In re Adam Muchmore and Amy Jaycox, decided December 4, 2009, involves the impermissible modification of a parenting plan. The parties filed a stipulated parenting plan when their child was born in 2006. The plan stated that it could be modified when the child was three to four years old. When their child was two years old, the father moved to amend the parenting plan under RSA 46l-A:11. The father alleged multiple grounds for his request; key among them was that the mother had intentionally interfered with his parental responsibilities and that the modification "would be in the child's best interest." RSA 461-A:11, I(b). He also argued that the child's current environment as required by the parenting plan was harmful to her, RSA 461-A:11, I (c), and that the mother's conduct made the existing plan "unworkable," RSA 461-A:11, I(d).
However, at the evidentiary hearing on his request he failed to meet his burden of proof under RSA 461-A:11, I(b) or (c) - and he agreed that he failed to meet his burden on his RSA 461-A:11,I(d) claim. However, despite finding that the father had failed to sustain his burden of proof, the trial court found that modification was warranted and in the best interests of the child.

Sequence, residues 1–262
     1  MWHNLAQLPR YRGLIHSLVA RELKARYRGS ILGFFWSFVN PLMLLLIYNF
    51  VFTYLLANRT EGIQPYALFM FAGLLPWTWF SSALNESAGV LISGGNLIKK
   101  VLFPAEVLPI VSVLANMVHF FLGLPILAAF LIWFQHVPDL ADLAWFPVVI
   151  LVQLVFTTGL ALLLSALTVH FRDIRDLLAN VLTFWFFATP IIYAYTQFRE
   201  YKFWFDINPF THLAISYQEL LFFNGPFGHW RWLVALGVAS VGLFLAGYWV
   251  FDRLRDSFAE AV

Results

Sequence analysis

On appeal, the mother argued that the trial court lacked the authority to modify the parenting plan. She argued, logically, that the court's authority to amend an existing order was limited to those circumstances in which the petitioner carries his/her burden of proof in proving the special circumstances stated in RSA 461-A:11, I. By logical extension, the "flip side" of her argument was that the court could not amend an existing parenting plan solely because it concluded it was in the best interest of the child to do so.